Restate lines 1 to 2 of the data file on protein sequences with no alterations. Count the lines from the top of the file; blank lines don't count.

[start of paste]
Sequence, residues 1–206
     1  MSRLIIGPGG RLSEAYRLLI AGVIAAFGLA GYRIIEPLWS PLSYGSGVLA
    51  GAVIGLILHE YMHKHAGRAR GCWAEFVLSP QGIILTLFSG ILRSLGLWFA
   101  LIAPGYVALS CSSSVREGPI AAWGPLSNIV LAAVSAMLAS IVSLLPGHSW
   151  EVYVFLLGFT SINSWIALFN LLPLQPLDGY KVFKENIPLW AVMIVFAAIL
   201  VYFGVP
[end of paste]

Sequence, residues 1–206
     1  MSRLIIGPGG RLSEAYRLLI AGVIAAFGLA GYRIIEPLWS PLSYGSGVLA